The Transbay Joint Powers Authority, the public agency constructing the transit center, has denied causing the problem.
Peskin also wants to know whether other downtown high-rises were approved without going to bedrock.
“We have to make policy decisions as to whether or not we are going to allow these kind of friction piling systems under very heavy, very tall buildings,” he said.
A brief history of the sinking Millennium Tower
From star athletes to a bonkers penthouse, a look back at the luxury tower currently in crisis
By Brock Keeling Aug 1, 2016, 12:22p
Before it made headlines for rapidly sinking into the earth, the tony Millennium Tower was known as a gorgeous bellwether of the Yerba Buena neighborhood’s refocus on growth and unbridled luxury. Sleek and cool, it’s widely considered a far more aesthetically thoughtful structure compared to its residential counterparts—e.g., One Rincon Hill, the Infinity Towers, just to name two.
Surrounded by Mission, Fremont, and Beale Streets, the skyscraper was finished in 2009 and is currently the tallest building in San Francisco to include residences. Though described as 60 floors, it is technically only 58 (the 13th and 44th floors are missing due to, ironically enough, superstition).
Designed by Handel Architects, and engineered by DeSimone Consulting Engineers and constructed by Webcor Builders, it’s also home to Michael Mina’s lauded RN74 restaurant. Millenium Tower construction, 2008. Photo: David Werner
In 2010, Dan Goodwin (a.k.a. Skyscraper Man) scaled the exterior in order to draw light to fire safety (and himself). He was arrested shortly after the stunt.
Also in 2010, the powers that be reportedly noticed that the Millennium had started to sink—to the tune of 10 inches. While the effects of gravitational pull are normal for any high-rise, this amount of drop, it seems, is not normal. (For comparison, the Petronas Twin Towers in Malaysia, formerly the tallest buildings in the world, sank only a half inch since their 1998 completion.) View from the $9.45 million penthouse. Photo via Jacob Elliott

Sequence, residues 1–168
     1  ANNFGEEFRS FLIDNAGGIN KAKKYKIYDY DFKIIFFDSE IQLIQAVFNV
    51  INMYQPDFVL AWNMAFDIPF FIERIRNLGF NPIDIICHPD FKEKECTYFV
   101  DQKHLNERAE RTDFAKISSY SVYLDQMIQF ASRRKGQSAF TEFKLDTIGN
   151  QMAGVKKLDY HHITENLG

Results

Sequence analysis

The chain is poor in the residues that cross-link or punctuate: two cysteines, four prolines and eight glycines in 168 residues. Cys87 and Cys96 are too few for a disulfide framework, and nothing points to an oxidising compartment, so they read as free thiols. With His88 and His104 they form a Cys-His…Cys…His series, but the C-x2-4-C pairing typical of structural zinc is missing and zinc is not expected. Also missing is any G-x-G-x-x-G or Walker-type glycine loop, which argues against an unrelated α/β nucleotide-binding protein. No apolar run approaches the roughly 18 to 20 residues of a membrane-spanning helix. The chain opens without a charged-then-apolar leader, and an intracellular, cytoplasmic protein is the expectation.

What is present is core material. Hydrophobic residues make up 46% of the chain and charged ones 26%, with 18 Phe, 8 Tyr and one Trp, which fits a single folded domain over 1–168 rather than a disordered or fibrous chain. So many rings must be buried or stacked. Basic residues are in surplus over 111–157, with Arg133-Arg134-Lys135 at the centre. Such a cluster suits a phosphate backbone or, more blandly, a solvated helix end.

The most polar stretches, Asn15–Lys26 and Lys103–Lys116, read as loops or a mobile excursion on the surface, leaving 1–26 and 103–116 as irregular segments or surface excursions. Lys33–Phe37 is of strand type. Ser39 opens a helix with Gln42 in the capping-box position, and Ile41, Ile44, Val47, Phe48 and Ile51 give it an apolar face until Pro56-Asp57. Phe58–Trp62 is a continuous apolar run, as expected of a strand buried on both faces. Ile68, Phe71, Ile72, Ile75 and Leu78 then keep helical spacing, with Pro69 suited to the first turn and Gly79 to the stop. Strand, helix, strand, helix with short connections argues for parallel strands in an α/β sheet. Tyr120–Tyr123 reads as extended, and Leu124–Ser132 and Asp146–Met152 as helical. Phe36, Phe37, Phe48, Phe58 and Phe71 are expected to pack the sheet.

Over the years, a handful of local notables have called 301 Mission home. Two years ago, 49ers icon Joe Montana sold his pad in the blue-grey building. And earlier this year, a noted San Francisco Giant purchased one of the property’s swankiest condos for a cool $4.25 million.
While each unit can fetch anywhere from $1.5 - $5 million, the penthouses are sights to behold, outshining the lower units. This over-the-top two-bedroom stunner hit the market in 2015 for $9.45 million. And Silicon Valley bigwig Tom Perkins’ place has become the stuff of ostentatious legend.
Currently, the city’s most expensive one-bedroom is located inside the troubled structure, asking a whopping $3.8 million.
As for today’s breaking news, it’s not only bound to have an effect on nearby towers nearing completion—the ultra-luxe 181 Fremont, which we should point out is drilled 260 feet into the bedrock—but will have two neighbors battling it out for years.
According to today’s story in the Chronicle, "The Millennium's engineers anchored the building over a thick concrete slab with piles driven roughly 80 feet into dense sand" as opposed to drilling piles into more secure bedrock, which was a cost-cutting measure.
Yet according to the Millennium, new Transit Center construction is to blame.
With the Millennium Partners and the Transbay Center fighting each other in a game of blame-placing, this Leaning Tower of Yerba Buena will turn into a Hatfield-and-McCoy San Francisco real estate battle for the ages.